Jim Henderson Commentary: After the Browns

It was back in 2009 while Rob Ryan was in Cleveland as Eric Mangini's defensive coordinator. With the Browns starting a second losing streak that season, Ryan brashly proclaimed he wouldn't leave the office at night until the Browns won. They promptly went on a seven-game losing streak.

As Ryan recalled in a story in the Cleveland Plain Dealer Sunday, "I won't make that mistake again."

So don't expect the "round one" to be lugging his toothbrush and jammies into Saints camp any time soon. But until his defense starts playing better and the Saints start winning, they'll be keeping his seat warm at Ms. Mae's waiting for him while his seat gets hotter on Airline Drive.

They still love him in Cleveland and it'll take more than this two-game slide for the Who Dats' ardor to chill, as well. But this is not at all what everyone envisioned in the idyllic environs of the Greenbriar this summer. The spigot of sacks has opened but a trickle. The torrent of turnovers consists of one. Interceptions? Nada. Not even close.

The weekly game of hide-and-seek becomes more obvious. Ryan has to try to hide Patrick Robinson from the quarterbacks who seek him more aggressively with every completion, every penalty.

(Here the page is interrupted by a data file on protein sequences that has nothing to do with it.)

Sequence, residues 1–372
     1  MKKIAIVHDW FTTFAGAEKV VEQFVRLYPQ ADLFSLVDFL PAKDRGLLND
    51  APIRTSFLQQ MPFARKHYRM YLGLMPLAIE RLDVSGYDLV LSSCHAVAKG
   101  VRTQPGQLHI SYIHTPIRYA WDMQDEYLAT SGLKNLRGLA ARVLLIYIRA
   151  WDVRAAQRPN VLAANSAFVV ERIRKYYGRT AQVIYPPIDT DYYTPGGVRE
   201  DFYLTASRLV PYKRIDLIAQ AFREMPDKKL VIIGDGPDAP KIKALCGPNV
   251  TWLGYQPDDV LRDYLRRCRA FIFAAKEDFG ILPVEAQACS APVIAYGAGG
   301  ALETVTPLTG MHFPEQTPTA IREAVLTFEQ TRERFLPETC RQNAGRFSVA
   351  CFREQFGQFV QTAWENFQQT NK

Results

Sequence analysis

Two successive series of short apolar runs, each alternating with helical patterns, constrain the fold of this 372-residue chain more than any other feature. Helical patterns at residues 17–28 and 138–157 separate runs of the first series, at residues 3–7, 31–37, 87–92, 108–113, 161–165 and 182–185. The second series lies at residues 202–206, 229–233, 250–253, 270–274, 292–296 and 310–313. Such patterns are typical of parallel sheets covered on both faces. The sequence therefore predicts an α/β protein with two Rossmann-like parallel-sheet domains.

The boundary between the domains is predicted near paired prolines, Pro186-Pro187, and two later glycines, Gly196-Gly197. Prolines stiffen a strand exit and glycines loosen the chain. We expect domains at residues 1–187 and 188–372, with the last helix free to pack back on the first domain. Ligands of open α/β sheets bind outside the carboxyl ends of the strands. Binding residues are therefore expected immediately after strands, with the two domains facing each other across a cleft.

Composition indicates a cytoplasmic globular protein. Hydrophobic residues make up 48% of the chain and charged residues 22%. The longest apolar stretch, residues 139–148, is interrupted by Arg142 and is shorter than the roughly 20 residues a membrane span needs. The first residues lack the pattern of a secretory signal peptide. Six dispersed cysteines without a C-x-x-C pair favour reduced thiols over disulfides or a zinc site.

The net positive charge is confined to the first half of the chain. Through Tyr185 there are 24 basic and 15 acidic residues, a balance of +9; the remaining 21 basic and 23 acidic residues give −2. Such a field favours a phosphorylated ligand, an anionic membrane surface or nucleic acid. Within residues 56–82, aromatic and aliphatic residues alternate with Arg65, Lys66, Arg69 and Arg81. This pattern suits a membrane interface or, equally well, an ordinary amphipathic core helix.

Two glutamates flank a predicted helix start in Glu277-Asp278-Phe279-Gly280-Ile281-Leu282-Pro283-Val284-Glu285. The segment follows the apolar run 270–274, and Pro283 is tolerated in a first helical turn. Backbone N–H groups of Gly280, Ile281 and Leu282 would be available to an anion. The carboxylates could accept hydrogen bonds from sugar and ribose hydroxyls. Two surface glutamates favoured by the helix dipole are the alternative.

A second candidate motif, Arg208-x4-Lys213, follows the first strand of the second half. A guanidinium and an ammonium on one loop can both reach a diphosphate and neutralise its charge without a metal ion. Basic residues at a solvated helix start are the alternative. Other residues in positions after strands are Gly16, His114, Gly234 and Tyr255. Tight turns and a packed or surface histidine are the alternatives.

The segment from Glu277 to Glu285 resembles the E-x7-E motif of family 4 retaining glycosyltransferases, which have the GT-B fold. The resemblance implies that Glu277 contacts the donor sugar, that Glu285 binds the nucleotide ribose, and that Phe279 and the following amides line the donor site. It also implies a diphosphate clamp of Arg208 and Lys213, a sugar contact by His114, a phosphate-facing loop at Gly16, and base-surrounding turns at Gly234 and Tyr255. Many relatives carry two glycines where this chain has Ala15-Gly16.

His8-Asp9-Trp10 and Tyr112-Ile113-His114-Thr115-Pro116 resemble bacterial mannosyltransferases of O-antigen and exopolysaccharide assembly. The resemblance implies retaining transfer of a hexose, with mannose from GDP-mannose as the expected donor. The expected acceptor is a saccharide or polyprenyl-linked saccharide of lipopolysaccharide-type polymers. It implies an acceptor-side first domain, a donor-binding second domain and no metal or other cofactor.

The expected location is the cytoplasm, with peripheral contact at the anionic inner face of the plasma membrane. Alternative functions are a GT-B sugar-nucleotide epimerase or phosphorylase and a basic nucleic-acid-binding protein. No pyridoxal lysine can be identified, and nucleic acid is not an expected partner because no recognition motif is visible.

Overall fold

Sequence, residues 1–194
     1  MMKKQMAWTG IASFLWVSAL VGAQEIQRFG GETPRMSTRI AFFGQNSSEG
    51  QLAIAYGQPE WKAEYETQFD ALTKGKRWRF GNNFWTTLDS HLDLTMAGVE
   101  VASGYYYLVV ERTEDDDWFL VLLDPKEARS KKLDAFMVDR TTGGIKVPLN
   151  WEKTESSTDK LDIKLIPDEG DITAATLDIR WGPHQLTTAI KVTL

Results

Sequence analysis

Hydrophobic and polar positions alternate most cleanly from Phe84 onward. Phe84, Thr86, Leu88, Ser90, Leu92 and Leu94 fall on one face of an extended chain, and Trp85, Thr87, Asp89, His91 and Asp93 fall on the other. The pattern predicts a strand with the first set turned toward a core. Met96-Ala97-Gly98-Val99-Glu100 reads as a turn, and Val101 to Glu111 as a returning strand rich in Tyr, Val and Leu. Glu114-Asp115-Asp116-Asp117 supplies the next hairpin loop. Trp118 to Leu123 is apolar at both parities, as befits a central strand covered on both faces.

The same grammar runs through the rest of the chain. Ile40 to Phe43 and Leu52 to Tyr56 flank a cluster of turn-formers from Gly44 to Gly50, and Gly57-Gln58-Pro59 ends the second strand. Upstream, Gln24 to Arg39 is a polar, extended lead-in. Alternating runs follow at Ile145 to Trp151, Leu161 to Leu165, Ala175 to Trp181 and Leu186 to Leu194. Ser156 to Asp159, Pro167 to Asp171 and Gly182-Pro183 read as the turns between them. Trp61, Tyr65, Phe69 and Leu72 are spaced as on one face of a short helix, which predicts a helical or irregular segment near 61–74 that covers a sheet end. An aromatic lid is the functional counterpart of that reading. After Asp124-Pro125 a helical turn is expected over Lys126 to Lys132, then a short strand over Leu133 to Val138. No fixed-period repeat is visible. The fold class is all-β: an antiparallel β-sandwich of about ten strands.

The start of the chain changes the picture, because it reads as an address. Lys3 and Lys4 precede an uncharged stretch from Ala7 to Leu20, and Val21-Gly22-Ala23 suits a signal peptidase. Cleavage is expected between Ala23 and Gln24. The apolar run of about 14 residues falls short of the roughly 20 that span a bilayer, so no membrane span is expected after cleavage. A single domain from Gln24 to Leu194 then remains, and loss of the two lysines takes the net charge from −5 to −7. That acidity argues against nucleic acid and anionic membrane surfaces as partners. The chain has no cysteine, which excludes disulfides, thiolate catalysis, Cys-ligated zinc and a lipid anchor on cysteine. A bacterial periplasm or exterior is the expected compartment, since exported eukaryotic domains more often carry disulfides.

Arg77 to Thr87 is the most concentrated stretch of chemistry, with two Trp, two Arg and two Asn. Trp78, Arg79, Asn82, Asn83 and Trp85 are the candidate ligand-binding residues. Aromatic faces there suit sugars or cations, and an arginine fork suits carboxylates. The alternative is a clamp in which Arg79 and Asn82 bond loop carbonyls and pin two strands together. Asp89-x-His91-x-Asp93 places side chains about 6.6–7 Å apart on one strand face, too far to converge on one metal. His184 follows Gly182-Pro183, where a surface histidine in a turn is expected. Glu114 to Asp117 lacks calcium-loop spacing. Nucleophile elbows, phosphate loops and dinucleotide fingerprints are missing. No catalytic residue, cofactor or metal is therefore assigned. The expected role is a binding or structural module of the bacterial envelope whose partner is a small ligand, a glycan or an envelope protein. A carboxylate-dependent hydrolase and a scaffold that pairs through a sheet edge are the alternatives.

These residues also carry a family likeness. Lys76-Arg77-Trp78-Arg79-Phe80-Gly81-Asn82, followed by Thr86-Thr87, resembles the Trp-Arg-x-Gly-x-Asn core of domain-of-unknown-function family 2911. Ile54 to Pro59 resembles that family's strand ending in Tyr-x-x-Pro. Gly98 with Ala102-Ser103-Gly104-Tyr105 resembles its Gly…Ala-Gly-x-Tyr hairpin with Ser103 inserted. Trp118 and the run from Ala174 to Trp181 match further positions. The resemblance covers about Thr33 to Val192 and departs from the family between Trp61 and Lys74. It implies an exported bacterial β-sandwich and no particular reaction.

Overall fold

Rob Ryan is a player's coach - a fan's coach. Though judging by his sideline tete-a-tete with a frustrated Sean Payton on Sunday, he's sometimes not a coach's coach.

Remember his dad, Buddy, as the defensive coordinator of the Oilers, once punched Oilers' offensive coordinator Kevin Gilbride on the sidelines during a game - a game the Oilers were winning and would win by a shutout.

No one wants to see Payton and Ryan similarly embroiled on the Saints sideline. Cross Fit versus loose fit. But then again, no one wants to see Matt Cassel next week look like Brian Hoyer this week, who just beat the Saints with the most non-descript collection of offensive skill players east of Oakland.

There's plenty of time and plenty of room for improvement, but it better start now.

The Saints are 0 and 2. Carolina is 2 and 0. Last year the Saints were 2 and 0 after two weeks. Carolina was 0 and 2 and the Panthers went on to win the division.

Two games does not a season make. The Saints are just a furlong into the race. But as Rob's dad, Buddy, would acknowledge at his Kentucky horse farm, you certainly make it hard on yourself at the finish line when you stumble so badly out of the gate.